The trip was the first overseas led by Visit Indy, which has traveled to locales like Boise, Idaho, and San Antonio and Austin, Texas, in recent years to learn about those cities’ river developments.
It followed five years of planning by Visit Indy staff and its board—with several of those board members joining the trip themselves.
Gahl said the excursion was in many ways modeled after the Indy Chamber’s Leadership Exchange, which allows local leaders to evaluate Indianapolis’ progress against that of other cities.
The Singapore trip cost $85,000—not including flight and lodging, which delegates paid for themselves. The IEDC covered $35,000 through a Regional Economic Acceleration & Development Initiative grant, and the Indianapolis Foundation contributed $30,000. Visit Indy covered the remaining $20,000 through the non-publicly funded portion of its budget.
The group has already met twice to debrief since the trip, exploring how each participant might apply the experience to their field of focus but also whether consensus can be built around next steps for White River development.
“It’s imperative we as a city, as a destination, think more aspirationally and in a more sophisticated way about activating the White River, specifically downtown Indy,” Gahl said.
Jill Hoffmann is director of the White River Alliance, which was created in 1999 as a municipal initiative focused on ensuring quality of the river, as well as equitable access, unique development opportunities and sustainable preservation initiatives. The group is also overseeing fundraising and lobbying for the White River Vision Plan.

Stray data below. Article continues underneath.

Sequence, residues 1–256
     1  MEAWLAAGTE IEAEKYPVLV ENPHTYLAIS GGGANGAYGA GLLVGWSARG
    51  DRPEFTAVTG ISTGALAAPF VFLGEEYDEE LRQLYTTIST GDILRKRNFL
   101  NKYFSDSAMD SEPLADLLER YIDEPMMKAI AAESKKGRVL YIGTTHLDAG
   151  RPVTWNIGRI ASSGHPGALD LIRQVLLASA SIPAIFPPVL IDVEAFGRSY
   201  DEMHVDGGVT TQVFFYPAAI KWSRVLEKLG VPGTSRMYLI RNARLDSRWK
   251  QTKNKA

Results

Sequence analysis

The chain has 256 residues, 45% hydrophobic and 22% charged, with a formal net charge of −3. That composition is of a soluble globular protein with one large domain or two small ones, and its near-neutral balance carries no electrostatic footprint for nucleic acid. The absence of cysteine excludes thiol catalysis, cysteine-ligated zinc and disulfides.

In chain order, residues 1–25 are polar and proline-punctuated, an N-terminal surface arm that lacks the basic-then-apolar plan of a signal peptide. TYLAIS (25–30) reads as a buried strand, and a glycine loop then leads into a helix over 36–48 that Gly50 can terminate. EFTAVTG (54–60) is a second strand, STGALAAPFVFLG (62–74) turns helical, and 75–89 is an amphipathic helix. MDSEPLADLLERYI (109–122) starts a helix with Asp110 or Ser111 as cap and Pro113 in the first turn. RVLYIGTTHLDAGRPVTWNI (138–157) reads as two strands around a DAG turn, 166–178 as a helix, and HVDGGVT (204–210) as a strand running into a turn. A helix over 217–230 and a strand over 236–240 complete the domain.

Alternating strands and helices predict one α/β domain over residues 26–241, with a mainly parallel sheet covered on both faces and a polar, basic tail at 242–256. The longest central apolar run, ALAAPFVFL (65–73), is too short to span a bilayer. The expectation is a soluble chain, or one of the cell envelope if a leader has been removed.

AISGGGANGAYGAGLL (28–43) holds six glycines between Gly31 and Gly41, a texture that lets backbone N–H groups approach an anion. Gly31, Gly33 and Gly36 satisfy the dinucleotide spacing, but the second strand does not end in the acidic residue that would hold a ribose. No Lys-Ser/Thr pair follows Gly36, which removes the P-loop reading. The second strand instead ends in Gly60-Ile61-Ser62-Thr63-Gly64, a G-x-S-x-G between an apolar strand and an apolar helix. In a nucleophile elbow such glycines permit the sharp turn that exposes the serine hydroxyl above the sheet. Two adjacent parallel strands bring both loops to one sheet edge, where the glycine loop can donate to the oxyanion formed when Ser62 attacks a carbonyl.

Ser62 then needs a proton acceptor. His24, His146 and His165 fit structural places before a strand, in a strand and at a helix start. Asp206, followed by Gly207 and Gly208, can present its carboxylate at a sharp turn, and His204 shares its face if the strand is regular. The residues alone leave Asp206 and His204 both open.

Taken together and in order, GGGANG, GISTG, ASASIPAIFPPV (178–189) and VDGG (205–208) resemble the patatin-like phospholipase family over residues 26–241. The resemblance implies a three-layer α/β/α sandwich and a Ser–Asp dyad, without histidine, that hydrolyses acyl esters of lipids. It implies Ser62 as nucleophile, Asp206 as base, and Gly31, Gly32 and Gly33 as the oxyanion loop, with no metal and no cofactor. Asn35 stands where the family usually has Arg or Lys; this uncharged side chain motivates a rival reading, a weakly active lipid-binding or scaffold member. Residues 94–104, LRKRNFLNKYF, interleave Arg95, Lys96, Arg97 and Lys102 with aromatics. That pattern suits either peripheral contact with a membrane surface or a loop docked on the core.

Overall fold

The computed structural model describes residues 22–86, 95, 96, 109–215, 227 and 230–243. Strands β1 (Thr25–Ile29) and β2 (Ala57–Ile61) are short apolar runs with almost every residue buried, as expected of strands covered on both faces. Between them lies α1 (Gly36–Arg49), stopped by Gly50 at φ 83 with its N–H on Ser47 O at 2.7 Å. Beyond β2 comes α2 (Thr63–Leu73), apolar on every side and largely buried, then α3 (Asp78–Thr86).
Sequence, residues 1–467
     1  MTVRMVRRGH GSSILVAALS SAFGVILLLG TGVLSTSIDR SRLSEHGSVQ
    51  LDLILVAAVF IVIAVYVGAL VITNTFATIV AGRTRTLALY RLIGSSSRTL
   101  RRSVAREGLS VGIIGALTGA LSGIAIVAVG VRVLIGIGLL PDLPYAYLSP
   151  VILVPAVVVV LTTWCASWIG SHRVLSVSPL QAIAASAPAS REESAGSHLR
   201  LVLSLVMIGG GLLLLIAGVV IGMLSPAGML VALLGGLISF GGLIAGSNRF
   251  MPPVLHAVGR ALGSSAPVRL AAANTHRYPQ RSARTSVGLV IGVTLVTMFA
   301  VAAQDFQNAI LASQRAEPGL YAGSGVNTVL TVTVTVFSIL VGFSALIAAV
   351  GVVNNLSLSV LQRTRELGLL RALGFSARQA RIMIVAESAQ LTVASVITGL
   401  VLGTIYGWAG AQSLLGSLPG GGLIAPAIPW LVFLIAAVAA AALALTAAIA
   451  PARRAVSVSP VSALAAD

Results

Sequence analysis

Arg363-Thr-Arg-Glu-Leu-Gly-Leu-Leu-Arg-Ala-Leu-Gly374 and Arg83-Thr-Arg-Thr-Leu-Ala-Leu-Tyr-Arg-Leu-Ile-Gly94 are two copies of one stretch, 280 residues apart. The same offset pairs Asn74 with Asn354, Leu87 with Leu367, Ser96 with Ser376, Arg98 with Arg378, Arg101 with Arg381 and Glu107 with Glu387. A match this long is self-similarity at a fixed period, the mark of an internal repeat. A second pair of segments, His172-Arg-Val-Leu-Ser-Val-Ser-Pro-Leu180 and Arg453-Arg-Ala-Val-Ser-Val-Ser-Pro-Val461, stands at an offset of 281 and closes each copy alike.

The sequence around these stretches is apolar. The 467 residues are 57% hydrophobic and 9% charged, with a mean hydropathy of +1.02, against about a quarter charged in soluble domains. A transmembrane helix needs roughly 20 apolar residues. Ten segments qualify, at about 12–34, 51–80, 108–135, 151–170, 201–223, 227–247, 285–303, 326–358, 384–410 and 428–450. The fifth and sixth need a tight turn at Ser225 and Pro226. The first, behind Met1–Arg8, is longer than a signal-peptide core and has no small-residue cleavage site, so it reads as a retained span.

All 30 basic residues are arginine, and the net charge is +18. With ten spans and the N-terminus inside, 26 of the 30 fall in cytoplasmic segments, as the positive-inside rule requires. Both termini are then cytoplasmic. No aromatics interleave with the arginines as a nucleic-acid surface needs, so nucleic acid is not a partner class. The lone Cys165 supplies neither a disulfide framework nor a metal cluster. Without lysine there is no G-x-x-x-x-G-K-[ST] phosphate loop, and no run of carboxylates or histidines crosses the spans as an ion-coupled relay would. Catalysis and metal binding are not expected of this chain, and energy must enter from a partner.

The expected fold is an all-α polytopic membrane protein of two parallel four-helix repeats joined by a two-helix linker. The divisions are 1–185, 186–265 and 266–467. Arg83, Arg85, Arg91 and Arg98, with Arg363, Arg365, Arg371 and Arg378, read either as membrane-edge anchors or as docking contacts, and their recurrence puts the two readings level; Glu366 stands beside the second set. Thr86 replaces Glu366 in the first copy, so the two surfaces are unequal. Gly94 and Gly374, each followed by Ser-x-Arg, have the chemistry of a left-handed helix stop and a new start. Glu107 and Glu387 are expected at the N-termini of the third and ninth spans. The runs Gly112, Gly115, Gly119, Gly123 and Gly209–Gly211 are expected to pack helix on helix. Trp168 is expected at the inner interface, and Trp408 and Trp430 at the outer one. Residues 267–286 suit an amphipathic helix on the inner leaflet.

Hoffmann attended the trip to Singapore, as well, and was something of a skeptic about its benefit for Indianapolis.
She said approaching the trip with that lens allowed her to take a deeper look at the technical aspects and policies Singapore used to enact its vision for not only the waterfront but also other parts of the country. She said the mindset in Singapore is centered on the greater good, rather than on a stream of potential fights among environmentalists, city leaders and developers—a tack she said could help Indianapolis resolve questions about the river’s future.
“Our communities in Indianapolis and the surrounding region have been planning for a long time,” Hoffmann said. “So we’ve spent a lot of time trying to figure things out. [But] there, water is not an afterthought. It’s not a fight to change the development community’s mind about what a sustainable, beautiful place looks like.”
Jennifer Pavlik, chief of staff for Keystone Group, said she joined the trip to ensure the firm is achieving best practices and to garner ideas for its Eleven Park project, which broke ground last year.